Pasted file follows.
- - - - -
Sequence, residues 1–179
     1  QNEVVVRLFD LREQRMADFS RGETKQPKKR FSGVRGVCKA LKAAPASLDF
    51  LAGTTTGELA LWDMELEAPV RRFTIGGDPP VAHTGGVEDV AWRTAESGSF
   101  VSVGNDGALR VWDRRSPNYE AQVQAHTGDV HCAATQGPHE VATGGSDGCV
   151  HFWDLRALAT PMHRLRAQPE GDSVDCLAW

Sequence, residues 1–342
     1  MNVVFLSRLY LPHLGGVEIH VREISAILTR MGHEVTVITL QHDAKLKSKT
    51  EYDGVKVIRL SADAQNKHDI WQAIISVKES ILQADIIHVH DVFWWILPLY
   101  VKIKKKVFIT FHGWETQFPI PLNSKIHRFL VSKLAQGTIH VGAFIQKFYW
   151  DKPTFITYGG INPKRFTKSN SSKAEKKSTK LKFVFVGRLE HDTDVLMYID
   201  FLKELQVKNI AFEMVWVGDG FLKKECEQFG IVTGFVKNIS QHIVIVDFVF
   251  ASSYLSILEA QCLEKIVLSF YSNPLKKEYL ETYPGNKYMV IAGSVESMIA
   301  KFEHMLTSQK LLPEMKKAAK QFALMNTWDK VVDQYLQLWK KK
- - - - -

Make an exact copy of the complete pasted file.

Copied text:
Sequence, residues 1–179
     1  QNEVVVRLFD LREQRMADFS RGETKQPKKR FSGVRGVCKA LKAAPASLDF
    51  LAGTTTGELA LWDMELEAPV RRFTIGGDPP VAHTGGVEDV AWRTAESGSF
   101  VSVGNDGALR VWDRRSPNYE AQVQAHTGDV HCAATQGPHE VATGGSDGCV
   151  HFWDLRALAT PMHRLRAQPE GDSVDCLAW

Sequence, residues 1–342
     1  MNVVFLSRLY LPHLGGVEIH VREISAILTR MGHEVTVITL QHDAKLKSKT
    51  EYDGVKVIRL SADAQNKHDI WQAIISVKES ILQADIIHVH DVFWWILPLY
   101  VKIKKKVFIT FHGWETQFPI PLNSKIHRFL VSKLAQGTIH VGAFIQKFYW
   151  DKPTFITYGG INPKRFTKSN SSKAEKKSTK LKFVFVGRLE HDTDVLMYID
   201  FLKELQVKNI AFEMVWVGDG FLKKECEQFG IVTGFVKNIS QHIVIVDFVF
   251  ASSYLSILEA QCLEKIVLSF YSNPLKKEYL ETYPGNKYMV IAGSVESMIA
   301  KFEHMLTSQK LLPEMKKAAK QFALMNTWDK VVDQYLQLWK KK